22. HRTO application review
An overview of key issues in the new policy including forms of discrimination based on creed, the duty to accommodate creed beliefs and practices, and accommodating Indigenous spiritual practices (new section).
November 25, 2016 - This FREE training day features an overview of key issues in the new policy and interactive scenario-based learning drawing from legal cases.
Religious discrimination persists
Many Canadians believe that religious discrimination is no longer a problem in contemporary society. They point to “multiculturalism,” recent efforts to promote reconciliation with First Nations, Métis and Inuit peoples, along with Canadians’ eagerness to resettle Syrian refugees, as proof that we have learned the lessons at the core of the United Nations’ Universal Declaration on Human Rights.
Tuesday, April 12, 2016 - Free one-hour webinar features an overview of the Policy on preventing discrimination based on creed, explanation of various forms of creed discrimination, and an opportunity to ask questions about creed beliefs and the duty to accommodate.
It is not always possible to slot people’s experiences of creed discrimination into clear categories. Ways people face discrimination often blur together and overlap to a large degree. However, for this policy, it is helpful to describe the different ways creed discrimination can take place. The following sections cover some of the main ways.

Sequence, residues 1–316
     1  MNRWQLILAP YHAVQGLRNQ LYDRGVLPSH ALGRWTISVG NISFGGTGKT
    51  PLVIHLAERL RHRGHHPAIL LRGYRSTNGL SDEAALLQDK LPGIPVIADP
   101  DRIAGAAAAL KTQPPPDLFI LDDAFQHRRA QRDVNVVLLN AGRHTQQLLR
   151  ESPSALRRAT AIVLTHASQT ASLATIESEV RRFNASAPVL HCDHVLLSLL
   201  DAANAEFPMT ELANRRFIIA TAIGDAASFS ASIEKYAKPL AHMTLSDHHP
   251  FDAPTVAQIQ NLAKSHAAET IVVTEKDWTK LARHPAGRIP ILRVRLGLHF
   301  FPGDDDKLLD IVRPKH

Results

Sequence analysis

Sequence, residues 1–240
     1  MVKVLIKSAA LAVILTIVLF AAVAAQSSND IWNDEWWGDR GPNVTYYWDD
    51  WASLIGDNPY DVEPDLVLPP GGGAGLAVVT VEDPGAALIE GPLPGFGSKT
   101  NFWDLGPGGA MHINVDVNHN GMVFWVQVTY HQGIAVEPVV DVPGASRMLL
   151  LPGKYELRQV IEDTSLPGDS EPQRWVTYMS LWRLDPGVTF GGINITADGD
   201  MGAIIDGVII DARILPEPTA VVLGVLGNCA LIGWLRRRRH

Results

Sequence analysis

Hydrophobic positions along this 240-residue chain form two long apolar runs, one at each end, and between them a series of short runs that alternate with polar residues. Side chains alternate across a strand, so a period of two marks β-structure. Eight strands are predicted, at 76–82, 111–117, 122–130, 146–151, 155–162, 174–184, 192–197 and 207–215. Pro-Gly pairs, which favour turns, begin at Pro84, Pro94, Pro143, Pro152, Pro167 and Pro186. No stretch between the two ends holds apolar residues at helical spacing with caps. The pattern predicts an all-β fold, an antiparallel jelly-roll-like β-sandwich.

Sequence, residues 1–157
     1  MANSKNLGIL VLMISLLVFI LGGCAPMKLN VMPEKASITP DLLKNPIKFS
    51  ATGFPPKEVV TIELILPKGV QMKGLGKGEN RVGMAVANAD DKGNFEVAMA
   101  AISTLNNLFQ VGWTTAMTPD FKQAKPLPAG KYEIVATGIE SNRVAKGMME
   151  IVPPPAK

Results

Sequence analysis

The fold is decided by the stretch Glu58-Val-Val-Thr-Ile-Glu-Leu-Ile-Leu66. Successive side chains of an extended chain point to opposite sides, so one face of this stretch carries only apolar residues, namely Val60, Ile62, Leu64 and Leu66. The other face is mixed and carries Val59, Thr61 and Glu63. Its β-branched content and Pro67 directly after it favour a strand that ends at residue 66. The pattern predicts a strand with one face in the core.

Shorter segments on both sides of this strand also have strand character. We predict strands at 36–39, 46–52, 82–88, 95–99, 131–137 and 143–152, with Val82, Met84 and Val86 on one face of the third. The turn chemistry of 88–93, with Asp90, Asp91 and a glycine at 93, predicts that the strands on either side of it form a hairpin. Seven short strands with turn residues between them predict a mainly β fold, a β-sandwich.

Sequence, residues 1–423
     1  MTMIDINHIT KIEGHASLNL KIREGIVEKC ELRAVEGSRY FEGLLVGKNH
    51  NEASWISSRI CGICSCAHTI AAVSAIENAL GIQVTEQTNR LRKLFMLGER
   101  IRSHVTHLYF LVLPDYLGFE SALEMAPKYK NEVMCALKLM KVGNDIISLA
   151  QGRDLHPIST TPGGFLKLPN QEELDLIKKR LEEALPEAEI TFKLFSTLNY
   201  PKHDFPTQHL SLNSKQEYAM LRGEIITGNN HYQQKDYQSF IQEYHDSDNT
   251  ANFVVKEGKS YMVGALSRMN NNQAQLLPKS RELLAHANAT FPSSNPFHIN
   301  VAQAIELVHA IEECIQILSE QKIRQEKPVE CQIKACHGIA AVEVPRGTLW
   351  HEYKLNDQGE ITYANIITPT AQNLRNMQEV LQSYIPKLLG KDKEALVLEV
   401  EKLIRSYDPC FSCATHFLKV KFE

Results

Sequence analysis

This policy is a complete revision and update of the OHRC’s original Policy on creed and the accommodation of religious observances first published in 1996. It sets out the OHRC’s position on creed and accommodating observances related to a person's creed. The policy offers Ontario citizens and organizations ways to address and prevent discrimination and conflict based on creed in an informed, proactive and principled way.
Before you receive an accommodation request
Minimize the need for accommodation up front by inclusively designing policies, rules, procedures, practices and spaces with everyone in mind (including people of diverse creed faiths).
Create an open, inclusive and safe environment free of discrimination and harassment so that people feel safe and welcome to express or observe their creed and ask for creed-related accommodations, without fear of reprisal or stigma. For example, you could: